Yesterday I drove over to the New St. Mary's Cemetary, Browning Rd., Bellmawr, to say goodbye to the Huggs//Harrison//Glover House, built in Pre-Revolutionary New Jersey. It is slated to be demolished this year, 2016. For more and accurate information please visit Jerseyman's blog History Then and Now.
The reason New England seems to beat us in representing itself as a place to visit to enjoy a look at our glorious past, is that they seem more able to recognize and protect cultural landmarks.
In 2002, the Harrison House in Mount Ephraim was demolished for no other reason than that the property purchaser had the idea the property might sell faster without that 'old house' on it. The house was owned by the Harrison family and put up for a loan to finance a militia that fought alongside the Marquis d'Lafayette in the Battle of Gloucester City during the Revolutionary War. The lot remains empty and overgrown, a mute and sad witness to, and testimony to the ignorance the allows people to destroy our irreplaceable cultural landmarks.
Both houses were neither derelict, nor crumbling. Historians such as the author of the excellent blog History Then and Now, Jerseyman, fought to save the house on the hill at the New St. Mary's Cemetary, but they were defeated, and so are we all.
In truth, tears ran down my cheeks, and joined the rain, when I looked at that house and pondered all it had survived, weather, war, economic ups and downs, the change of the area from farming to suburbs, all of that swept by and left the house standing until the giant snake of highways wrapped around it and squeezed the life from it. How sad.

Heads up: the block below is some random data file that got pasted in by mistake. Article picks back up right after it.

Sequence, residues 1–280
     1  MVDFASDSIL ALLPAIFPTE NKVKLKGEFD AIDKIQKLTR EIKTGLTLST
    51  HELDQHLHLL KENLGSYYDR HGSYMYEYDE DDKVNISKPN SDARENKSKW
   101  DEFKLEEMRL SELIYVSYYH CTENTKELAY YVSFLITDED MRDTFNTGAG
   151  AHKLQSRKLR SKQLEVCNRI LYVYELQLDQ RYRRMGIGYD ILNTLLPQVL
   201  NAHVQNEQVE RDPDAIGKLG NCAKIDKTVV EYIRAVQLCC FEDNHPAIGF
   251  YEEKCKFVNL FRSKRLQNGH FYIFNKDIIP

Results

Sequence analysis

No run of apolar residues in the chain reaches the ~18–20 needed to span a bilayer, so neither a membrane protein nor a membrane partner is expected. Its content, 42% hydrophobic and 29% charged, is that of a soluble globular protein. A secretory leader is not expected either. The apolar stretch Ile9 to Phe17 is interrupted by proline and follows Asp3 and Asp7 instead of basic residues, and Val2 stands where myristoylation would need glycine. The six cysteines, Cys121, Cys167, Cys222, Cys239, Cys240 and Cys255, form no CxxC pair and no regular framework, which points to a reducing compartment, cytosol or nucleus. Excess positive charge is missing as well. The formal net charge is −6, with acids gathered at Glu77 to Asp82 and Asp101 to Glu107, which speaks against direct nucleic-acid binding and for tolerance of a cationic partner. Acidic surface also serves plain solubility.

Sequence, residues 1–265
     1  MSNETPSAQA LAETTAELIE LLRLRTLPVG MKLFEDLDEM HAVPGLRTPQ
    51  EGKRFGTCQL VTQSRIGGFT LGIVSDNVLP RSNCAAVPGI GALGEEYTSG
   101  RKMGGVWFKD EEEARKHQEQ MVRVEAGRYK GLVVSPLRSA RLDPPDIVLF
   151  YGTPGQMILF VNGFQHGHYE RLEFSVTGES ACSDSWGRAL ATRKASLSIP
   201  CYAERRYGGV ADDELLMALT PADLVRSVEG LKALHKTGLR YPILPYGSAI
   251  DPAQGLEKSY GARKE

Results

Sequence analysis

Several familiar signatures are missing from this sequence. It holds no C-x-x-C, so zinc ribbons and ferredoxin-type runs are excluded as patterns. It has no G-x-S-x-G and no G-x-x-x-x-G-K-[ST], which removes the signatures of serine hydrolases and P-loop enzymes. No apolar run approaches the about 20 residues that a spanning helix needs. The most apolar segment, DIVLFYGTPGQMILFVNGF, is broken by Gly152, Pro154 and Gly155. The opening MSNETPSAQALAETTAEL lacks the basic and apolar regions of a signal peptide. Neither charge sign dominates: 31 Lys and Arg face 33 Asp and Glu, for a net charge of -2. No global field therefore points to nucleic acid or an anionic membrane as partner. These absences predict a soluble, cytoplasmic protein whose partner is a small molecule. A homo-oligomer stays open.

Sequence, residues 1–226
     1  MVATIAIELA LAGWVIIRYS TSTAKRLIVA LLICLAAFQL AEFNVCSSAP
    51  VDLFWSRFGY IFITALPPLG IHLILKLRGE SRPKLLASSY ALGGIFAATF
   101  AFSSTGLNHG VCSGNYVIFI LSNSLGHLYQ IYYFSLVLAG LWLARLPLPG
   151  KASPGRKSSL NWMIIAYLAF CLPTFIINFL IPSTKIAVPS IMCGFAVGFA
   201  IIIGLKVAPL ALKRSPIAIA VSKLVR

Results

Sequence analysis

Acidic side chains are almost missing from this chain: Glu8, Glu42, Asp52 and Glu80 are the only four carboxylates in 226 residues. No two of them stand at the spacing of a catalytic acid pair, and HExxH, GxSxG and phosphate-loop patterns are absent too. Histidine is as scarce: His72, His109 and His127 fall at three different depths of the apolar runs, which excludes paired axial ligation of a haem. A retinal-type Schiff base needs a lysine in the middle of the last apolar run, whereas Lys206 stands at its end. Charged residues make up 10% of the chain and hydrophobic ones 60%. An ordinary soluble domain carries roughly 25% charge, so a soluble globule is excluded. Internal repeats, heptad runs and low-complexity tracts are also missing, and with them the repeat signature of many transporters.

I cannot understand the blind and ignorant thing in the heart that allows people to destroy what is irreplaceable, a beautiful old tree that has witnessed many human lifetimes go by, a beautiful old house that can tell a story about our history. All my years as a teacher, I did my best, although I was, in fact not a history teacher, I tried to incorporate history into everything I taught whether Language Arts or Art. Also, I tried to instill in my students a respect for each other and for material culture and our history. Apparently the forces in charge of this particular challenge had not such experiences, and therefore were not moved by any such love of the material culture of our historic past. Thank goodness other people in other places have been able to withstand such blind destructive ignorance and save those treasures that teach us so much about our ancestors and how they lived, such as Elfreth's Alley and Betsy Ross House, to name just two, because they were the buildings of the common people.
My hat is off to and my salute goes out to those who work still, to save those fewer and fewer treasures of our New Jersey Colonial history that still stand, Whitall House, in National Park, Burrough Dover House, in Pennsauken, the old Mills converted into Antique Emporeums, old schools converted into community centers and Taverns such as The Indian King in Haddonfield. If only our administrators had the foresight that the people of Haddonfield had in saving that historic treasure.